AT 12.25 ON July 10th, something happened that had never happened before. Venice was cut off from the Adriatic Sea it dominated for centuries. Watched by Italy’s prime minister, Giuseppe Conte, and a bevvy of ministers and officials, all 78 movable sluice gates comprising the MOSE sea barrier reared up, blocking the inlets to the lagoon that surrounds the city.
All present stressed that this was not an inauguration. MOSE, an acronym for Experimental Electromechanical Module, will not be fully functional until the end of 2021. But now that it has been operated in its entirety (only sections had been tested previously), there is a chance that the barrier can be used this winter if Venice is threatened by a sea surge like the one that swamped the city in November 2019.
As an opening—or closing?—ceremony, this one was pretty bizarre. Elisabetta Spitz, the special commissioner put in charge of the project after last year’s lethal flooding, noted its “troubled and controversial history”. The mayor of Venice, Luigi Brugnaro, said MOSE was “not an example to be copied”. Indeed not: delays have put MOSE nine years behind schedule and three times over its original budget. A bribes-for-contracts scandal in 2014 involved dozens of local politicians and executives of the consortium building it. Mr Conte was just as downbeat, saying “let’s all hope it works”.
But then caution is advisable. Whether MOSE will be as efficient in parting the seas as its biblical namesake is unclear. The latest test was carried out in ideal conditions: a far cry from the 100 kilometres per hour winds and three-metre waves (60mph and ten feet) that tore into the lagoon last November. And while its giant, box-shaped “gates” go up, not all can currently go back down into their housings on the sea floor. That is because of sand in the works—a problem that is as tricky to solve as it was seemingly easy to predict.
The other doubt is whether Italy can afford the MOSE’s astronomic running costs, estimated at around €100m ($110m) a year. Additional government borrowing to restart the economy after the covid-19 pandemic could easily push public debt above 160% of GDP, so money is tight.
But even if this entire, ill-starred scheme can be made to work, Venice will be far from safe. The sea surges and their effects are newsworthy, telegenic and easy to explain. Not so the other threat facing Venice: the inexorable rise in the everyday level of the water in the city, which is eating away at its very fabric. The proof can be seen in strips of marine vegetation that run along the brickwork above the base of canal-side houses instead of attaching to the stone of the foundations as they once did. Few but the Venetians notice it, and those who do often see it as evidence that Venice is sinking.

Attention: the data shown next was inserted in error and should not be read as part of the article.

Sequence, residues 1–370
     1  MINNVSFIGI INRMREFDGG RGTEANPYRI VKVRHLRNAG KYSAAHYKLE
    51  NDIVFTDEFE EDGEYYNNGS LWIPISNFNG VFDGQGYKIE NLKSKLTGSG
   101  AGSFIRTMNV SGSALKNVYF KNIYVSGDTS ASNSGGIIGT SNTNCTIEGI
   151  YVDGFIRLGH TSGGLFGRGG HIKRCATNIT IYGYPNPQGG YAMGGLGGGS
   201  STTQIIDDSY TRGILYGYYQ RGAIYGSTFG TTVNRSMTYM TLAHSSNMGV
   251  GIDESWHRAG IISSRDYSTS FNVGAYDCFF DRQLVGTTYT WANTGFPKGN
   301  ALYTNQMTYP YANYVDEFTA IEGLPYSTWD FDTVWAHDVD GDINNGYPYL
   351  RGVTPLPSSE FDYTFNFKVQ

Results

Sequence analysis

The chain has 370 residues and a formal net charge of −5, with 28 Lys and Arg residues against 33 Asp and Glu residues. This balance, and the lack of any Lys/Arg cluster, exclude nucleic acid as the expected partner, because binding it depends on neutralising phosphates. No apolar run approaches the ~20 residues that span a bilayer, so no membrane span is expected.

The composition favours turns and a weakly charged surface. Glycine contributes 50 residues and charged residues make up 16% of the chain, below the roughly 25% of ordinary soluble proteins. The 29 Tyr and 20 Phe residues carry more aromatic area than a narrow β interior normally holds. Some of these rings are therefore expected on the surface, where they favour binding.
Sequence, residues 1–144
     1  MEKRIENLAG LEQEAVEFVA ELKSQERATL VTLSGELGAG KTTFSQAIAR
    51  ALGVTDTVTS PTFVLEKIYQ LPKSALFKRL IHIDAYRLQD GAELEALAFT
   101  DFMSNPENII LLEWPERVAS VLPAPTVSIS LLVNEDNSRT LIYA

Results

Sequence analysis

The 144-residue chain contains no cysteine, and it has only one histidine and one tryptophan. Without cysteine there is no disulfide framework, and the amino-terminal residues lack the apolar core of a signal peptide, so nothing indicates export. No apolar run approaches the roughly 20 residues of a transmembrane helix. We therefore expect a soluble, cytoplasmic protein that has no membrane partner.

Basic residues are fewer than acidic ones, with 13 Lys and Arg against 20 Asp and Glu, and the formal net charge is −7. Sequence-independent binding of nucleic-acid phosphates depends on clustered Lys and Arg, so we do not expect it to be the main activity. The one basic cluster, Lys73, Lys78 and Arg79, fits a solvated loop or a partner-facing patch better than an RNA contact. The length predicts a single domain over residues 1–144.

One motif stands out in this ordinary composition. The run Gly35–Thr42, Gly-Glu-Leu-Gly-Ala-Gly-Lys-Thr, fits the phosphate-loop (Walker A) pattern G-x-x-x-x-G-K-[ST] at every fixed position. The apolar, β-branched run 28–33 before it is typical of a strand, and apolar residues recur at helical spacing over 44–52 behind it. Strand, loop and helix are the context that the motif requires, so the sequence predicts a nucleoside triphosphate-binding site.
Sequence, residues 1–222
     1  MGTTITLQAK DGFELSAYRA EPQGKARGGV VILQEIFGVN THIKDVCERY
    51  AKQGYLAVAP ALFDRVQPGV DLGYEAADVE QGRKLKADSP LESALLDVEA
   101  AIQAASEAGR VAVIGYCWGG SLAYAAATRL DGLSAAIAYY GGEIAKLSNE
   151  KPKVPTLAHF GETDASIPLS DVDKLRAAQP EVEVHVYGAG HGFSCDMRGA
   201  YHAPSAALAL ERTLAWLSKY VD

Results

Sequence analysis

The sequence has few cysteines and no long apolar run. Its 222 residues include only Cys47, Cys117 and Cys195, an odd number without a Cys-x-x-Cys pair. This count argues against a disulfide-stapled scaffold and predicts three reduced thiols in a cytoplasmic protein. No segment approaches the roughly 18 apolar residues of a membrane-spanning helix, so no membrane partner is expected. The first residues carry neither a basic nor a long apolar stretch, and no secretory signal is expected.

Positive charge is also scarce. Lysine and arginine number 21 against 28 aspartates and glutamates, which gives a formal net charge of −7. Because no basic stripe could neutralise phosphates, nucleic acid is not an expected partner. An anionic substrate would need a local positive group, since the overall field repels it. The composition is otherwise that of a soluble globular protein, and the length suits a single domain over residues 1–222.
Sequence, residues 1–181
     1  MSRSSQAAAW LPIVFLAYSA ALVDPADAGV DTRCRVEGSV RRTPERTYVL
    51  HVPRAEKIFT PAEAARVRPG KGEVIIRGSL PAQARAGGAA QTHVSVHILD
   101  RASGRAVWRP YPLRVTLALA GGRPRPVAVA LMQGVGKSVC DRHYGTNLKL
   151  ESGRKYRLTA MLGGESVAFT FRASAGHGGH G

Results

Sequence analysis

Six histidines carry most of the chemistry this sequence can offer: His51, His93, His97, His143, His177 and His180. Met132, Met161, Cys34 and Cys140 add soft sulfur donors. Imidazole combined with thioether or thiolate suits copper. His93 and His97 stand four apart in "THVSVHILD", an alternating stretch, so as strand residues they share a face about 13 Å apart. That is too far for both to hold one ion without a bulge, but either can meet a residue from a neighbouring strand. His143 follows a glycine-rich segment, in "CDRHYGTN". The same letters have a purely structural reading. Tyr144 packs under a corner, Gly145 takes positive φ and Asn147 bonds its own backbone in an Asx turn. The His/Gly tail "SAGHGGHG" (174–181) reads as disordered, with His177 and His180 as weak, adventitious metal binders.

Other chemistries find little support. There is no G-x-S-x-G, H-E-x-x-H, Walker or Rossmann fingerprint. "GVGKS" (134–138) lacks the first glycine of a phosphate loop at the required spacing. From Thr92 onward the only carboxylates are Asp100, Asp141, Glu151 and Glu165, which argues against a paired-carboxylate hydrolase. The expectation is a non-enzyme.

In fact, says Pietro Teatini, professor of hydrology at the university of Padua, many of the world’s cities are sinking because of the draining of aquifers below them. Venice too sank 10-15 centimetres in the post-war years because of industrial exploitation of the aquifer system underneath. But water is no longer being extracted in excessive quantities, and the city today is relatively stable.
The causes of the gradual rise in sea levels around Venice are nowadays global warming and the abuse of the lagoon. “Imagine a bath with a huge sponge in it,” says Jane Da Mosto, executive director of We Are Here Venice, an NGO. “Open a tap and some of the water will reach the end of the bath. But a lot of it will be absorbed by the sponge.” The sponge in her example is made of salt marshes around the lagoon; but these have been severely eroded by port activities and unmanaged boat traffic. Human intervention has also flattened the bed of the lagoon and scored it with navigation channels, allowing water to flow into the city with greater force and increasing the distance between high and low tides.
What to do? Keeping big ships, including cruise liners, out of the lagoon would certainly help. But Mr Teatini and his faculty colleagues have a more ambitious idea: raise Venice. He notes that MOSE will only come into operation when the water in the lagoon gets to 110 centimetres above its reference level. “But even at 90 centimetres, part of the city, including St Mark’s Square, is swamped.” Raising the level of the ground by just 20-30 centimetres would make a huge difference and Mr Teatini thinks it can be done by pumping sea water into the already salty network of aquifers below the city. In 2008, it was estimated that a pilot scheme would cost €11.1m to launch and €1.4m a year to run; the full project around €80m and €10m a year. That is vastly less than the €6bn that MOSE has devoured. All the professor needs is a billionaire philanthropist who wants to be remembered as the saviour of St Mark’s Square.